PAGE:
Four of the Five Largest Sectors Posted Positive Q3 Returns
Five sectors in the emerging markets index were significantly sized: consumer, financial services, health care, IT, and manufacturing.  Of the five, only IT delivered a negative return for the third quarter.  Health care was the top performer, earning 7.2%.  Consumer companies, always the largest sector in the index, returned 5.4% in the period.

Together, companies in three sectors received almost 53% of the total capital invested during the quarter: consumer, energy, and construction.

Companies in China Performed the Best of the Major Geographic Regions
Only three regions represented more than 4% of the emerging markets index by market value: India, Mainland China, and South Korea.  China had the top return of the three, 6.9%.  Because China was the largest component of the index, representing more than 35% of its value, companies in China had the largest impact on the benchmark’s performance for the period.  South Korean companies generated a 4.7% return, while returns for Indian companies were essentially flat for the quarter.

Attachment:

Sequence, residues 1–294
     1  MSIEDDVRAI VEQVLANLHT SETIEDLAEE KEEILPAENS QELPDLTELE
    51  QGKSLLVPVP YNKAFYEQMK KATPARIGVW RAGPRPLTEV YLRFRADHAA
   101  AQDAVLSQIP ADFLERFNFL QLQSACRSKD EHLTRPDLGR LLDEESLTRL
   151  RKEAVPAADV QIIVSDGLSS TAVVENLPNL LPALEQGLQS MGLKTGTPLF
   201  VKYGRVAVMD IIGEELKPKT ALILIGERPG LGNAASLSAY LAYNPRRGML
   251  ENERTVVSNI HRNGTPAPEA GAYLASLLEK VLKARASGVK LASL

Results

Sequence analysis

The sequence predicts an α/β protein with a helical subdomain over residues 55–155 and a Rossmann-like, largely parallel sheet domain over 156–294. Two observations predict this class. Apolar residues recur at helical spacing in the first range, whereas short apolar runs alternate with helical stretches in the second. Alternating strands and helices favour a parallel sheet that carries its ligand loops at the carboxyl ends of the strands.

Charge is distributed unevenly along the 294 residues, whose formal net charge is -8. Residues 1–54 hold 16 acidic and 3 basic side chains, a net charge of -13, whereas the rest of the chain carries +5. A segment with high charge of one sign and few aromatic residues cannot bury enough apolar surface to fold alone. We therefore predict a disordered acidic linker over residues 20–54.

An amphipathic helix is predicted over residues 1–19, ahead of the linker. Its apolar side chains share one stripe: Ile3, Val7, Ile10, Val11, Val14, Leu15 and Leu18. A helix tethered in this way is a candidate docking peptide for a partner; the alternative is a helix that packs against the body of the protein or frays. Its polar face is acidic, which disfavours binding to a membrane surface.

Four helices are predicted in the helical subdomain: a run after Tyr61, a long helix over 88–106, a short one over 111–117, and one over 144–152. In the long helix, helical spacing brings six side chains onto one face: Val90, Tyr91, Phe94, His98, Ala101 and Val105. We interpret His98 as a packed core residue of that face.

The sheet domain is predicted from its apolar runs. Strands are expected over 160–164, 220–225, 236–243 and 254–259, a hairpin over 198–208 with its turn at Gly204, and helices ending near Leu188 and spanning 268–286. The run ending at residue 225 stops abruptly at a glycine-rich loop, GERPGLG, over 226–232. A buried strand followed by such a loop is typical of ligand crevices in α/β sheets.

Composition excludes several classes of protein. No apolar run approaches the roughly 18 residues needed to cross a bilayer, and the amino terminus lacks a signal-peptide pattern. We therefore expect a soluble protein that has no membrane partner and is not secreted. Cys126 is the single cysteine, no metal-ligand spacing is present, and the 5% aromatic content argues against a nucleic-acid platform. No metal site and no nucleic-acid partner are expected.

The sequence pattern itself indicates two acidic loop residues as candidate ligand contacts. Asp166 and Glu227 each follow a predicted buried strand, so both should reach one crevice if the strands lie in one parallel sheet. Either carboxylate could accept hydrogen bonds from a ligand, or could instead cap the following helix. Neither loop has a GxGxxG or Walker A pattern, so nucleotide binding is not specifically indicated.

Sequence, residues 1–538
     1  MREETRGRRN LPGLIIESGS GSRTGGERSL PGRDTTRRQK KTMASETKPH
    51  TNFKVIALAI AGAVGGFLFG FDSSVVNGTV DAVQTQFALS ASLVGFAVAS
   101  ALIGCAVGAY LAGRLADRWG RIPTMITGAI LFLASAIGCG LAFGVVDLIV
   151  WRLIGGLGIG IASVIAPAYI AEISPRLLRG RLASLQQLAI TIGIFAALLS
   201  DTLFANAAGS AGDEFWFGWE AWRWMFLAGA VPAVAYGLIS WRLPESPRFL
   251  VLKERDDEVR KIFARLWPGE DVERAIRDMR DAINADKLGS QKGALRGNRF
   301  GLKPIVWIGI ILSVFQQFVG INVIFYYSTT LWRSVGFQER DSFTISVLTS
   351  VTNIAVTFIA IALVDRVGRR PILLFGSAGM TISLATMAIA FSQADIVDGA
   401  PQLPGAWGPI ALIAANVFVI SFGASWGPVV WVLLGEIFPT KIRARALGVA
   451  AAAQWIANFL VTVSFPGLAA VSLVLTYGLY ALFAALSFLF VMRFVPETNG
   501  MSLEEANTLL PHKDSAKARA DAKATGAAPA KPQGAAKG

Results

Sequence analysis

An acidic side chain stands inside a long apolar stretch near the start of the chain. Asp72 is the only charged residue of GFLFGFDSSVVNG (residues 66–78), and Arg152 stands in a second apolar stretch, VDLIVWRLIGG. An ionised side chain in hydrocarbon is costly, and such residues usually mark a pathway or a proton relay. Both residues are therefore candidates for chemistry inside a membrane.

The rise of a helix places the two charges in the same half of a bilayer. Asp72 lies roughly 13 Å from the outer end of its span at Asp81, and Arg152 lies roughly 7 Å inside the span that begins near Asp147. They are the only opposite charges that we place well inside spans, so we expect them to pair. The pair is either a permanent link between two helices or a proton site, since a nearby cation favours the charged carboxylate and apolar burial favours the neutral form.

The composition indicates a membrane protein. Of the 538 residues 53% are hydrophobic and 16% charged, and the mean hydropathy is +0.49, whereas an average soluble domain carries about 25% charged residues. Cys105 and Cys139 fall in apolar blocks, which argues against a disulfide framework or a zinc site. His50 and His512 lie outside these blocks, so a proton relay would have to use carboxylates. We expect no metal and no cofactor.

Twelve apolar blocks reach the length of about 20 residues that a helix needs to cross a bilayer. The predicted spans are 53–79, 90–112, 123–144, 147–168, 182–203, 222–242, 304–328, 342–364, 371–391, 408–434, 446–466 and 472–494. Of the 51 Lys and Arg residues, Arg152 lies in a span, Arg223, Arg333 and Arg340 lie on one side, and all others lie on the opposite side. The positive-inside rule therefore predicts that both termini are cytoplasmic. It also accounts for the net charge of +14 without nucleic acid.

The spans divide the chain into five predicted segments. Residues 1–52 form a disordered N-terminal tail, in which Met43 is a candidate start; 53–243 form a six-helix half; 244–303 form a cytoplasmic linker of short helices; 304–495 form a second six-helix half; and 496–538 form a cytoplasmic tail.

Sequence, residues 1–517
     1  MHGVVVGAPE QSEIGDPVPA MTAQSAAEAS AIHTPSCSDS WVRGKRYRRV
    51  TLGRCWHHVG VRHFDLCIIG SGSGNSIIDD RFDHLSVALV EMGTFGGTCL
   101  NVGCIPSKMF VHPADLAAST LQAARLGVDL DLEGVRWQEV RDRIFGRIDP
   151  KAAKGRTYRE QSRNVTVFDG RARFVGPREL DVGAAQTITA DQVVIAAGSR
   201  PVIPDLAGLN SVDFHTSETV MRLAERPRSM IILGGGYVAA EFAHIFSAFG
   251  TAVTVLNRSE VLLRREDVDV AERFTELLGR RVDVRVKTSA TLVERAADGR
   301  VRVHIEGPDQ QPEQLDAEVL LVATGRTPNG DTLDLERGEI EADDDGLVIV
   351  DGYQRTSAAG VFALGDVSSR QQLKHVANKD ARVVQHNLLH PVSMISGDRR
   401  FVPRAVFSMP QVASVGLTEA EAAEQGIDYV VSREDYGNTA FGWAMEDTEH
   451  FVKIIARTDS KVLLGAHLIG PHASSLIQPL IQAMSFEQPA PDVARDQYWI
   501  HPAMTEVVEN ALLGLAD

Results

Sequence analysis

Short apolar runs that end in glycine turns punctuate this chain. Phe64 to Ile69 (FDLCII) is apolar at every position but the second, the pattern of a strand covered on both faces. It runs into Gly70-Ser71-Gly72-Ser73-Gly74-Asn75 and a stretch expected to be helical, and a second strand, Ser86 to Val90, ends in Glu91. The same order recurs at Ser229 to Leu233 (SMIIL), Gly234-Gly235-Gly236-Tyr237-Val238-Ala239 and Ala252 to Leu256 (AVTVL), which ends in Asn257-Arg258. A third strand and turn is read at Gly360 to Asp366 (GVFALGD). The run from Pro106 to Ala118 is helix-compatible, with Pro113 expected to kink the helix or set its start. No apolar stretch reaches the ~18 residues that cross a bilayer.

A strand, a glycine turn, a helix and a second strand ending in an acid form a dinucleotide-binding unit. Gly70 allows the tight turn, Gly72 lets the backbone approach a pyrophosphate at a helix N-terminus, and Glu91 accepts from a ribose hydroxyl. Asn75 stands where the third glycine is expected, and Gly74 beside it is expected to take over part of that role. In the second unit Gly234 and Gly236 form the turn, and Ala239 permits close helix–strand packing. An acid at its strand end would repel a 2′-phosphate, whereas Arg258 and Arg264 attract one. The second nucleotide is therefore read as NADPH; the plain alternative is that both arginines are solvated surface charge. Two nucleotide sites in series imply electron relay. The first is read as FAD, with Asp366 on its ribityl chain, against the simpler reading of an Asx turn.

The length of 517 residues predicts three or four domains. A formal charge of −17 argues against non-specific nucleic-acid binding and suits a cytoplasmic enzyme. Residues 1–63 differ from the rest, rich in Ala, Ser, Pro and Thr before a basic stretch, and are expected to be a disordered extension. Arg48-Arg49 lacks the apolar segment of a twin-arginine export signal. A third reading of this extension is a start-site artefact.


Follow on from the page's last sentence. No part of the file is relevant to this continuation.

For more detailed information please see the Cambridge Associates commentary on the Q2 benchmarks.

About the Indices

Cambridge Associates derives its Global ex U.S. Developed Markets Private Equity and Venture Capital Index from the financial information contained in its proprietary database of global ex U.S. private equity and venture capital funds. As of June 30, 2013, the database included 721 global ex U.S. developed markets private equity and venture capital funds formed from 1986 to 2013 with a value of about $265 billion.  Ten years ago, as of June 30, 2003, the benchmark index included 337 global ex-US developed markets funds, whose value was roughly $51 billion.

Cambridge Associates derives its Emerging Markets Private Equity and Venture Capital benchmark from the financial information contained in its proprietary database of global ex U.S. private equity and venture capital funds.  As of June 30, 2013, the database comprised 445 emerging markets funds formed from 1986 to 2013 with a value of about $105 billion.  Ten years ago, as of June 30, 2003, the benchmark index included 158 emerging markets funds, whose value was slightly less than $13 billion.